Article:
Chapter 4. Objects

Table of Contents

Built-In Classes
Slots
Getters and Setters
Generic functions and Objects
Initializers
Abstract Classes and Overriding Make

The features of Dylan's object system don't map directly onto the features found in C++. Dylan handles access control using modules, not private declarations within individual objects. Standard Dylan has no destructors, but instead relies upon the garbage collector to recover memory and on exception handling blocks to recover other resources. Dylan objects don't even have real member functions.

Despite these oddities, Dylan's object system is at least as powerful as that of C++. Multiple inheritance works smoothly, constructors are rarely needed and there's no such thing as object slicing. Alternate constructs replace the missing C++ features. Quick and dirty classes can be turned into clean classes with little editing of existing code.

Before starting, temporarily set aside any low-level expertise in C++ or Object Pascal. Dylan differs enough that such knowledge can actually interfere with the initial learning process.

Built-In Classes

Dylan has a large variety of built-in classes. Several of these represent primitive data types, such as <integer> and <character>. A few represent actual language-level entities, such as <class> and <function>. Most of the others implement collection classes, similar to those found in C++'s Standard Template Library. A few of the most important classes are shown in Figure 4.1, “Several Standard Dylan Classes”.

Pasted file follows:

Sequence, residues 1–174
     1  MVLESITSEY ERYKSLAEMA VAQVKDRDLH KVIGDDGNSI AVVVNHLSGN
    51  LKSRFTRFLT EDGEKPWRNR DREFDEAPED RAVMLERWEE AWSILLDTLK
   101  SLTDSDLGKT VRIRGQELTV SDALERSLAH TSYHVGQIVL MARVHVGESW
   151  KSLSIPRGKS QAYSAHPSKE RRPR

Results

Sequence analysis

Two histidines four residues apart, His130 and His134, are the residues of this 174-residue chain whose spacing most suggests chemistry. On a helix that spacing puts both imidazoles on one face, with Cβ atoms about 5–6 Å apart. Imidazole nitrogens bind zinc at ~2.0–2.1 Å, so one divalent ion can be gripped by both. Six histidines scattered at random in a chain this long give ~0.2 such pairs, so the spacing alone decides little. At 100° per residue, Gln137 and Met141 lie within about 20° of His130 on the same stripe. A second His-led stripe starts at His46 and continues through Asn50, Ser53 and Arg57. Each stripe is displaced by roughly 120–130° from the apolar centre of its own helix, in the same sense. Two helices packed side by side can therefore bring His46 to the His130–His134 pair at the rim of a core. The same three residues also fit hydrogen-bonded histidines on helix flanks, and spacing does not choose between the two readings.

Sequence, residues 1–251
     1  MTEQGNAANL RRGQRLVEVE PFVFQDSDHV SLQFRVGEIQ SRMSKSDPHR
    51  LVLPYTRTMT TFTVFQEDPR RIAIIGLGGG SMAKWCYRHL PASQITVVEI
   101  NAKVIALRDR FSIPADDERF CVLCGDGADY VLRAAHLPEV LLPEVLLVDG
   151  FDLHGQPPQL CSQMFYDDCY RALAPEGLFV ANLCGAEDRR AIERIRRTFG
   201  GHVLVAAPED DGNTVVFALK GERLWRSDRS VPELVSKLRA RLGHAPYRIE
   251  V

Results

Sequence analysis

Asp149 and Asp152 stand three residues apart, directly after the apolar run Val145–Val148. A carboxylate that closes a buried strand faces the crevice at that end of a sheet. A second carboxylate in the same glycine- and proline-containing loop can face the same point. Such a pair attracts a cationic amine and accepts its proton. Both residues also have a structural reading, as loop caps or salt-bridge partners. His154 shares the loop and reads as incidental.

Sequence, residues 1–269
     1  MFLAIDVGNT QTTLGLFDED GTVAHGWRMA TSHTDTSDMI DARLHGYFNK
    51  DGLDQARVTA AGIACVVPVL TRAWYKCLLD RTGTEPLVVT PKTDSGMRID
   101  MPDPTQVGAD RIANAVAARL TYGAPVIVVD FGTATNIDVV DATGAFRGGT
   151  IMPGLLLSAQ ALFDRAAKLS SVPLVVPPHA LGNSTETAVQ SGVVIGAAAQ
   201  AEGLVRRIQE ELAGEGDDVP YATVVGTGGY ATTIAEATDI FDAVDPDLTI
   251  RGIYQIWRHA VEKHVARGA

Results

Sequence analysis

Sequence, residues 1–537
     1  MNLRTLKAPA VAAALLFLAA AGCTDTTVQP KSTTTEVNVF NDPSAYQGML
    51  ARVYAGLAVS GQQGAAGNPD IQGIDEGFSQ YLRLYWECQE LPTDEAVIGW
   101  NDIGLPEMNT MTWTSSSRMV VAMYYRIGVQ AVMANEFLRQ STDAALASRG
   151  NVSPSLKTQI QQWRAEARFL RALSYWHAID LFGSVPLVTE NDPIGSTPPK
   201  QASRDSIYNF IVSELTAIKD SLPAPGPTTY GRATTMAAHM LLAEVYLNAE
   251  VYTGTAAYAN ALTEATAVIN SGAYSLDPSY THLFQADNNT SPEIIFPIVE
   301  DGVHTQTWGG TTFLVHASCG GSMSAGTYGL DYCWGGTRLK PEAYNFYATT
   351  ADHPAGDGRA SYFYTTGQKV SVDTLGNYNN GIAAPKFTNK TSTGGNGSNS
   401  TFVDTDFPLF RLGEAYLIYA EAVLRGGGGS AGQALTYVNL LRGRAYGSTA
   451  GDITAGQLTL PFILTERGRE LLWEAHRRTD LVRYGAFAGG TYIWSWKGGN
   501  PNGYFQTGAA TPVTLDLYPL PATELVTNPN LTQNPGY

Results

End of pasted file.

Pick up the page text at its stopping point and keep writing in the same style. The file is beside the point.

Figure 4.1. Several Standard Dylan Classes

Several Standard Dylan Classes

The built-in collection classes include a number of common data structures. Arrays, tables, vectors, ranges and deques should be provided by all Dylan implementations. The language specification also standardizes strings and byte-strings, certainly a welcome convenience.

Not all the built-in classes may be subclassed. This allows the compiler to heavily optimize code dealing with basic numeric types and certain common collections. The programmer may also mark classes as sealed, restricting how and where they may be subclassed. See Chapter 6, Modules & Libraries for details.